Litany’s Beth Cornell chats with us about losing her player two, adapting to life as a solo artist and her sparkling new EP
May 30th 2019 was a huge day for Litany. What had once been the collective name of singer Beth Cornell and producer Jake Nicolaides, was now the sole alias of Beth following the former’s departure from the project. This date was the release date of ‘My Dude’, Beth’s very first solo offering to the Litany catalogue of tracks, and her first foray into the daunting world of single player gameplay.
“I remember release night.” Beth reflects. “The clock was ticking, it was nearing midnight, when the song would have been out worldwide, and I just remember thinking ‘I’m gonna have to tell them to pull it, I can’t release it, what if everyone hates it? What if they think that I’m not doing as good of a job?’”
Fortunately, cooler heads prevailed, ‘My Dude’ was released as planned and was a resounding success. From the depths of uncertainty, Litany had been reborn.
“The response to that song fully blew me away.” Beth continues. “I can’t believe it really. It was a very very scary thing to do, and I definitely took a lot of convincing from my inner circle to release it but I can honestly say that it is probably my favourite song now. I love the way it sounds, it’s a direction that I want to continue pushing into.”
In spite of this continuation of the success and acclaim that Litany has been building over the last few years, you can only imagine how tough this transition has been on the young artist. Beth affectionately refers to this solo venture as Litany 2.0 and insists that she is going to turn what could be a negative situation into a positive one.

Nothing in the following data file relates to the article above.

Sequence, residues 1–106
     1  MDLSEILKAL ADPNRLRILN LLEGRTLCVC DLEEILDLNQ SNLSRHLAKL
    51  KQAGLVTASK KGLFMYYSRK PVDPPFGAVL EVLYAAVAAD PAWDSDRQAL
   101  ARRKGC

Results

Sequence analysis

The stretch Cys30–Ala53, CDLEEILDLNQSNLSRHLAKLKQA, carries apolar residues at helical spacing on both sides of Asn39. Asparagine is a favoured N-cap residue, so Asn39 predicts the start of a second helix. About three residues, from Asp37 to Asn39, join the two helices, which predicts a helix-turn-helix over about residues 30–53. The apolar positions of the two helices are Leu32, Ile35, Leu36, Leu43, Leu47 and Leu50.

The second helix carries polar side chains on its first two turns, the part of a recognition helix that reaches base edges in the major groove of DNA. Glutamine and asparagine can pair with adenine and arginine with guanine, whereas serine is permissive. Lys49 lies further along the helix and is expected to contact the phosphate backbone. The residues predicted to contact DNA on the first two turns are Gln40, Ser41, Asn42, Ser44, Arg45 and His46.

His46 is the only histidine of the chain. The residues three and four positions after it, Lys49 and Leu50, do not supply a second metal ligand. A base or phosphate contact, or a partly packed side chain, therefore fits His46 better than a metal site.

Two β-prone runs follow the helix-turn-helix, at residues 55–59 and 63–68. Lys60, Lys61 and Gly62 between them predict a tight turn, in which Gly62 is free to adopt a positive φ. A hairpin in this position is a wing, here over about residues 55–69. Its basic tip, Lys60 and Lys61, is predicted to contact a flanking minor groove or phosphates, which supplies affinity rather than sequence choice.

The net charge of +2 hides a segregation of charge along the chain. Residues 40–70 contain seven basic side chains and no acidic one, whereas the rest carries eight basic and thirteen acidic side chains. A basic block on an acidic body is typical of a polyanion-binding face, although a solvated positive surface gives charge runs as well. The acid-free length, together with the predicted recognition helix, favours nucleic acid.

“It’s kind of how you have to think about it when you’re grieving your former band.” Beth deduces. “It’s a difficult thing to go through when you imagine something going one way and it gets ripped up from underneath you. If I’m going to pick myself up and start again it must be a better version than last time, otherwise what’s the point?
“It’s a case of sticking to what I know and continuing with it but putting more of myself into it,” she continues. “It was very much a 50/50 thing before and now owning it 100% means that it feels more me. Litany 2.0 is a way of showing it’s a new chapter and something has changed.””
As Beth has gradually found out, there are positives that can be found from ditching the multiplayer aspect of writing and creating music. Following the dissolution of Litany as a duo, the young artist relocated from North Yorkshire to London and found that venturing outside of her comfort zone was something that may have been needed to unlock the potential of the project.
“We had a garage which we converted into a studio back in North Yorkshire and it was very much an isolating process, it was just the two of us, hours on end, day after day, just writing together with no outside influence,” she admits. “So to go from that to completely changing my life, moving to London, and going into these sessions with complete strangers, it’s a lot. It’s very different. It took a bit of adjusting at first but now I really welcome it.
“I really enjoy meeting all kinds of different people, different influences, and that has had an impact on the way that I work. It means that the music is a lot more varied and I really like that. It’s exciting for me. Even though I don’t have that one constant confidante, I do have that ever-growing network of friends and creators that I can rely on.”
November 21st saw another landmark occasion from Litany 2.0 in the form of the EP Single Player Mode, a body of work that feels quintessentially Beth. If nothing else, the EP has completely dispelled any assertions that Litany is in any kind of danger of falling off, with its trademark nostalgia-wrapped sound feeling the warm benefit of the singer’s overtly candid and intimate writing. This is exemplified by the protective and almost motherly nature that Beth expresses towards the tracks.